Because the rate at which data is clocked out of the calculator can be set as arbitrarily high as the associated hardware can manage, vast data compression ratios can be achieved by the present invention. Exact values will, of course, depend on hardware, software and protocols. By making a few assumptions and strictly by way of example, a compression ratio can be calculated as follows:
Assume that a sample token is sent across the transmission path (which might be a wire or a radio link for example) in eighty bits. Suppose the calculating means operates at 2.048 MHz, thus producing at its output digital bit stream sequences 2048 bytes long. Assuming a bus bit precision of 8, the information present at the calculator output is equivalent to:
The compression ratio is thus ##EQU1##
Some embodiments of the invention will now be described, by way of example only, with reference to the drawings of which:
FIG. 1 is a schematic block diagram of an embodiment for switching a logic gate array; and;
FIGS. 2A and 2B represent logic levels relating to the output of the first embodiment of FIG. 1.
In the example of FIG. 1, the invention is used to operate a remote switching circuit 1 which is linked to a control station 2 via a low bandwidth transmission path 3. The transmission path 3 could be a simple electrical conductor, fibre-optic cable, or radio link, for example.
The control station 2 includes an encoder 4 and associated keypad 5. The output from the encoder is linked via the transmission path 3 to a buffer 6 whose output in turn is fed to a calculator 7. The calculator 7 has eight digital output lines which are connected to a logic gate array 8 which forms part of the switching circuit 1.
The keypad 5 is used to type into the encoder 1 a Portmanteau Function, [y=f(P) in the general case] appropriate values of P between pre-chosen limits, and a command setting the clocking rate of the calculator. The encoder 4 converts this received information (which constitutes a coded message) into ASCII form and transmits it over the transmission path 3. The buffer 6 receives the information and processes it into a form which is readable by the calculator. The calculator 7 is pre-programmed with the necessary algorithms for calculating successive values of y for each value of P received via the buffer 6. The calculated values of y are clocked out of the calculator 7 at a rate set by the keypad operator. These values appear as a sequence of numbers, but in binary form (eight bits in this example) at the outputs of the calculator 7 and are used to switch the logic gate array 8.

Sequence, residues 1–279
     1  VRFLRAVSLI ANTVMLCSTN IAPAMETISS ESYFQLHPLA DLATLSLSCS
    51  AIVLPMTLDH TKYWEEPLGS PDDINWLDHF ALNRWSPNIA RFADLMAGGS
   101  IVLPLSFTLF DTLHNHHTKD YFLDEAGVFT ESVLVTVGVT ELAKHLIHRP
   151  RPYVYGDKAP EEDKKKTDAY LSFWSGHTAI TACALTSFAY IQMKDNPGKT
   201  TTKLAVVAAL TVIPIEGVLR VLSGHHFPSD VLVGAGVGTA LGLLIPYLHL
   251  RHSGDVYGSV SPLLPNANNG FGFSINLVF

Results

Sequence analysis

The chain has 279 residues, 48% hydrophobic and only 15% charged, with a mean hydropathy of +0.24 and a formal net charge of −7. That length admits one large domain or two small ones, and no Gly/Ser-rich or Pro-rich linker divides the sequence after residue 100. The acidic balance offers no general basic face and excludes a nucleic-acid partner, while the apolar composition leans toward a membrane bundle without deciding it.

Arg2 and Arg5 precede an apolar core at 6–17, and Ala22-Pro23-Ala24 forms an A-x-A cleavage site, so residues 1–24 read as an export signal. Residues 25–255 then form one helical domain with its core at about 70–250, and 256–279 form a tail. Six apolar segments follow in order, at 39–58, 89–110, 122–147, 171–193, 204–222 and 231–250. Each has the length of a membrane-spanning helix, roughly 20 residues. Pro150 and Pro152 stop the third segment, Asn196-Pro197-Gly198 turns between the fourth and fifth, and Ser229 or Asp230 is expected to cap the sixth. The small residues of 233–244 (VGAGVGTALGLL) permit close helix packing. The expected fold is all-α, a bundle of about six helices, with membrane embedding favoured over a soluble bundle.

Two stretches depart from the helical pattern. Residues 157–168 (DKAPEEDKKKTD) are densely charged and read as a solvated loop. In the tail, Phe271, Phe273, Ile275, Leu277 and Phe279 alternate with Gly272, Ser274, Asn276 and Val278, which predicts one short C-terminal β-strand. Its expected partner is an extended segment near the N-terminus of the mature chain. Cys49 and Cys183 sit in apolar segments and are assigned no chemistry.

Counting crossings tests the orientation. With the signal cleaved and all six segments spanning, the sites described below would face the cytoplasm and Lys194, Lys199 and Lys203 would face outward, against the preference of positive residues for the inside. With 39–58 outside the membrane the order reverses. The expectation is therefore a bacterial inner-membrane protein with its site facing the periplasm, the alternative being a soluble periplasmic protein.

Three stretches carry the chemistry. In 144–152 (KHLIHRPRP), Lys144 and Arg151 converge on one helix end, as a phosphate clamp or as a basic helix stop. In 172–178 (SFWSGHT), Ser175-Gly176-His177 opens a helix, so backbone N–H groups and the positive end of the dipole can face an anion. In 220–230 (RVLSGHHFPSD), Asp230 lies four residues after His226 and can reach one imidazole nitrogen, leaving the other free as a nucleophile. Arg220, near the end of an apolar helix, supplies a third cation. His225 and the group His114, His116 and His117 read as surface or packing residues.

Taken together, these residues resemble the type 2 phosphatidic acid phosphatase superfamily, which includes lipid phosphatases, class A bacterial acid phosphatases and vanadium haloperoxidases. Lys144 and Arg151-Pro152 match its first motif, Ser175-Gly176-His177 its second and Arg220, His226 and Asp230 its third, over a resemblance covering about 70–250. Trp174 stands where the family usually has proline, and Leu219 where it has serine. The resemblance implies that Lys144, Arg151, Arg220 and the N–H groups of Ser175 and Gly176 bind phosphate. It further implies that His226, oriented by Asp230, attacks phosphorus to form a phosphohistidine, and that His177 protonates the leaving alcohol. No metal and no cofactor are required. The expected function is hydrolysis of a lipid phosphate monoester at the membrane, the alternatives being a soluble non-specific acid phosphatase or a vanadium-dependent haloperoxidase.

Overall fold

In this specific example, suppose there is a requirement for each gate associated with each of the eight outputs from the calculator to be held at a logic high level in succession, i.e., that the bit streams at each of the eight outputs should be as represented in FIG. 2A with the corresponding Boolean states and decimal word values as shown in FIG. 2B. Each Boolean state in succession corresponds therefore to the decimal words 0,1,2,4,8,16,32,64 and 128.
This can be achieved by choosing a Portmanteau Function
y=2P for values of P equalling 0,1,2,3,4,5,6 and 7. Hence, the expression for y and values for P are typed via the keypad 5 into the encoder 4 for use by the calculator 7. Subsequently each gate in the array 8 is switched in succession by the action of the calculator 7.
By keying in different generator equations, almost any desired bit stream can be provided at the calculator's outputs.
The above embodiment could be modified by storing the aforesaid P values in a memory 9 to which the calculator has direct access, rather than transmitting them over the transmission path with the generator equation.
Similarly, the Portmanteau Function(s) could be stored in a store 10 to which the calculator has direct access, rather than transmitting the function(s) over the transmission path. In this case the coded message could comprise a store address location so that the calculator could access the appropriate stored function(s).
In further alternative embodiments, the keypad is dispensed with and any relevant information (for instance the Portmanteau Function(s) and P values) is either stored in a memory accessible to the encoder or made available via an on-the-fly buffer/processor.
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|Oct 13, 2000||FPAY||Fee payment|
Year of fee payment: 4
|Dec 8, 2004||REMI||Maintenance fee reminder mailed|
|May 20, 2005||LAPS||Lapse for failure to pay maintenance fees|
|Jul 19, 2005||FP||Expired due to failure to pay maintenance fee|
Effective date: 20050520